X-Men: Apocalypse is neither the best nor the worst in the franchise, It’s simply the newest. After eight movies in sixteen years, this series is notable for retaining its creative forces, but everything has become one episodic tale that would be impenetrable for newbies. At this point X-Men is the longest running of the superhero tales invading theaters. Sure, Superman and Batman have been matinée idols since their reinvention in the 70’s and 80’s, but those roles been recast numerous times, different directors have given their take, and audience reaction has varied drastically from film-to-film. At least the X-Men series gets credit for rebooting whiling also finding ways to still integrate the original stars.
In ancient Egypt a powerful mutant En Sabah Nur (Oscar Issac) is betrayed by his people and entombed until he is inadvertently awoken in 1983. The millennial slumber has caused Nur to grow even more destructive as he goes about returning the wold to its natural state, by cleansing the human race and destroying civilization. However, Charles Xavier (James McAvoy) is leading the X-Men to try to stop Nur and defeat his team of renegade mutant recruits. Meanwhile Magneto (Michael Fassbender) is given a back-story to justify his anger toward humans. Mystique (Jessica Lawrence) who had been the central figure in the Xavier/Magneto love triangle, and the catalyst for plot of the last sequel is not given a big role in this story. Her presence feels arbitrary as does the inclusion of Angel, Nightcrawler, Storm and Psylocke (Olivia Munn)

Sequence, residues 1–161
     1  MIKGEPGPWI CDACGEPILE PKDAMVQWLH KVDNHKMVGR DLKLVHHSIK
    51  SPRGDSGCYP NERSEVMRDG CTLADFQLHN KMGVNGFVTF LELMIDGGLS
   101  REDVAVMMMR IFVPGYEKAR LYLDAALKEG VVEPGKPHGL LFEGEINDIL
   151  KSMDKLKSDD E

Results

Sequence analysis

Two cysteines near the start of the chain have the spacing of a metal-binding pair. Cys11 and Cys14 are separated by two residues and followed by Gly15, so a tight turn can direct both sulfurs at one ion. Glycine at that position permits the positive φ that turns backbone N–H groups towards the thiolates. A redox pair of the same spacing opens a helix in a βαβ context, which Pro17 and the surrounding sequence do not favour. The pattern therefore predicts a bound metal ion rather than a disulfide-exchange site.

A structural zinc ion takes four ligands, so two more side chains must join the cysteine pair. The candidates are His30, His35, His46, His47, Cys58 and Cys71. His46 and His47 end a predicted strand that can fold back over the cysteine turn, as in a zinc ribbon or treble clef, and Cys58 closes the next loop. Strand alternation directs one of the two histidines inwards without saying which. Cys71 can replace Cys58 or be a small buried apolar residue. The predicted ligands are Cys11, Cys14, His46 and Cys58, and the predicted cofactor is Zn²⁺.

Apocalypse is the least effective of the First Class trilogy. Despite the diminutive stature of actor Peter Dinklage, his character in the last installment was much more relatable than the villain of this piece. It has been much mentioned, but the visual similarities between Nur and the Ivan Ooze (the bad guy from Power Rangers) is startling at first.
Once again I will offer my feeble plea to filmmakers. Please stop will the bloated running times. At nearly 2 1/2 hours this movie is thirty minutes too long. Audiences are no longer wowed during extended CGI battle sequences, I personally zone out and start wondering if the parking meter is ok, or what groceries need to be picked up. A smarter fellow than myself once said, “Great movies are never long enough and bad ones are aways too long.”
Director: Bryan Singer
Stars: James McAvoy, Michael Fassbender, Jennifer Lawrence